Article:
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Why Flat Feet Are Bad for Your Health

Orthotics for Flat Feet at Advanced Foot and Ankle Specialists  Flat feet occur when the arch of the foot is too low while in a standing position. Although the foot naturally flattens somewhat when it bears weight, flat feet retain little or no arch at all, putting the entire sole of the foot into contact with the ground. Flat feet are a common cause of foot, ankle, leg, and back pain due to insufficient support of the body’s weight during standing or movement.

Chronic Muscle Strain

Flat feet are not as proficient at keeping the body stable as feet that have a normal arch. As a consequence, people with flat feet are at a higher risk of developing chronic muscle strain as the muscles of the body are forced to compensate for the foot’s lack of stability. While your body may be able to adapt to your foot’s lack of support during everyday activities, when you increase your activity level by even a small amount, it can cause significant pain and muscle strain.

Leg and Back Pain

Normal feet are designed to keep the entire lower body in the proper configuration when you stand or walk. Flat feet do not provide the same foundation for healthy posture. As the foot collapses toward the ground, the lower legs tend to rotate inward. This inward rotation can affect the entire leg, including the hips, leading to long-term leg and back pain .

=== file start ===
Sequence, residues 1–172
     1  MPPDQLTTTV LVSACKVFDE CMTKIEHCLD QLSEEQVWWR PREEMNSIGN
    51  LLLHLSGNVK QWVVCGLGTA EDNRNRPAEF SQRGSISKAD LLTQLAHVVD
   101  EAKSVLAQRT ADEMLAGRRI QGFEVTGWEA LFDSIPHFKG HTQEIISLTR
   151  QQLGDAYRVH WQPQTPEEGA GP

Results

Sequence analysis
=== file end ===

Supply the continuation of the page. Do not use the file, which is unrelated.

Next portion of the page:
Musculoskeletal Problems

Flat feet are a common cause of general musculoskeletal pain and problems. Your body’s balance begins in the feet; when the feet do not provide proper support, it can raise your risk for joint problems caused by poor posture and unnatural gait. Individuals with flat feet could be more likely to experience injury or pain in the feet, ankles, knees, or hips.

Treatment options for flat feet range from custom orthotics to minimally-invasive foot surgery to correct the arch . If you’d like to learn more about the diagnosis and treatment of flat feet , contact your Sugar Land podiatrist by calling Advanced Foot & Ankle Specialists at (832) 532-1197 or filling out our convenient web contact form.

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